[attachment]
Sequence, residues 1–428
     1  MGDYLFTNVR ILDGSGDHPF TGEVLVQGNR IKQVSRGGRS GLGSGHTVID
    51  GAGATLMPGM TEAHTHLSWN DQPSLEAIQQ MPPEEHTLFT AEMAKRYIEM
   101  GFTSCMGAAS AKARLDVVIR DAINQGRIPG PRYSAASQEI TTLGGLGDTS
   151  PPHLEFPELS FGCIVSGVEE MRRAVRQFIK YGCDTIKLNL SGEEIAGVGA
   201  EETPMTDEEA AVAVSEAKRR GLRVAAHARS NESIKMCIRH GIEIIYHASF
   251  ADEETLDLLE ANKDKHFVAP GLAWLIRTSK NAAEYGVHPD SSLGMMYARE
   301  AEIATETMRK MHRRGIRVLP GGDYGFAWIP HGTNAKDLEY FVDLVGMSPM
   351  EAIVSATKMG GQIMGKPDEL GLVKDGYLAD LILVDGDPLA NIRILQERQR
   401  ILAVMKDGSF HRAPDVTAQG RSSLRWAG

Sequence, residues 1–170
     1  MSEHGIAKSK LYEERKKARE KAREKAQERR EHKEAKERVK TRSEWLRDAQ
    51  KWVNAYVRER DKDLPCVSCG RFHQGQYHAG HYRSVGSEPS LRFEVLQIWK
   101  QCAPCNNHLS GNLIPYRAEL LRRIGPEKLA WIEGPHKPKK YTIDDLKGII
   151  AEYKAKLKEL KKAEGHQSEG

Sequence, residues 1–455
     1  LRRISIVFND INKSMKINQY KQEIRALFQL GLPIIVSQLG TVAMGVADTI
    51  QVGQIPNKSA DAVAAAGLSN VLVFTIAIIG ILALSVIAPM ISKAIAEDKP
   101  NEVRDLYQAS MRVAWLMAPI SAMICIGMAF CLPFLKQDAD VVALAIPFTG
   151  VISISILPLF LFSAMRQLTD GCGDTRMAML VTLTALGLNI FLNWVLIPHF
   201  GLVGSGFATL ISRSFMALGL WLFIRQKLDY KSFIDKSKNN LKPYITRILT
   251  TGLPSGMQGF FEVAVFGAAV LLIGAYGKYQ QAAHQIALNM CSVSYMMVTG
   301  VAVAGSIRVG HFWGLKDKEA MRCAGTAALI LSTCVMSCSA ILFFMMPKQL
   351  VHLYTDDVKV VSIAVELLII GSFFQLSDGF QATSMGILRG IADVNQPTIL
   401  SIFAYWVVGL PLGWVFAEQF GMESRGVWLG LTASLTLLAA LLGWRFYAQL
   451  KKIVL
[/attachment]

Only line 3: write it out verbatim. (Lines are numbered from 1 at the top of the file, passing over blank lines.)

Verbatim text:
    51  GAGATLMPGM TEAHTHLSWN DQPSLEAIQQ MPPEEHTLFT AEMAKRYIEM